Feeling the middle part might be the easiest for you as it is so big and bulky. Just put your fingers on top of your shoulder and pinch the big roll of muscle. Now you have the middle part of  your trapezius between your fingers.

To feel the lower part, just reach at your back as if you were about to scratch the area between your shoulder blades. If you now move your shoulders a little towards your spine you can feel the lower trapezius bulking up.

Self-Massage Of The Trapezius Muscle

Depending on what part of the trapezius muscle you want to massage I recommend using your hands or a tennis ball. For navigation you can use the muscle picture shown above.

Let us start with the upper part. Pinch the muscle as you did already when feeling it. Now search for tender spots. As soon as you hit one, slowly roll it a couple of times between your fingers. But stop before your hands are getting tired.

Massaging the rest of your trapezius muscle - middle and lower part - is done best with a tennis ball. Place it on the area you want to massage, push yourself against a wall and then slowly search for tender spots. As soon as you encounter one, stay there and slowly roll the ball over it a couple of times.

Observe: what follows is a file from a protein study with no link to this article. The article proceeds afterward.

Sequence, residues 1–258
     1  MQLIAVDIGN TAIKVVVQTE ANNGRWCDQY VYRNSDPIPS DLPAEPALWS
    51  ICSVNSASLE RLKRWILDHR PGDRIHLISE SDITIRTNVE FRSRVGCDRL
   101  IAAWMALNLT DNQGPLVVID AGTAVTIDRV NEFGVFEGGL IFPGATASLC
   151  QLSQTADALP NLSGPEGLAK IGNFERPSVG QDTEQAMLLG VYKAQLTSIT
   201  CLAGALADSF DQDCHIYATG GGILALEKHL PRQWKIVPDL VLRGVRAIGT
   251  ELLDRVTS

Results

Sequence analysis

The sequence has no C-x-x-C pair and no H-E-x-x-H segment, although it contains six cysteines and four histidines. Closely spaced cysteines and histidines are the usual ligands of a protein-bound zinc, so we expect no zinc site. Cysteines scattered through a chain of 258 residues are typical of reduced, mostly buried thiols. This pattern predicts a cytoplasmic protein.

In order to massage the whole trapezius muscle you might have to readjust the ball and your position on the wall a couple of times.


Calais-German, Blandine. Anatomy of Movement. Seattle: Eastland Press, 1993. Print

Davies, Clair, and Davies, Amber. The Trigger Point Workbook: Your Self-Treatment Guide For Pain Relief. Oakland: New Harbinger Publications, Inc., 2004. Print

Simons, David G., Lois S. Simons, and Janet G. Travell. Travell & Simons' Myofascial Pain and Dysfunction: The Trigger Point Manual. Baltimore, MD: Williams & Wilkins, 1999. Print.

Schünke, Michael., Schulte, Erik, and Schumacher, Udo. Prometheus: Lernatlas der Anatomie. Stuttgart/New York: Georg Thieme Verlag, 2007. Print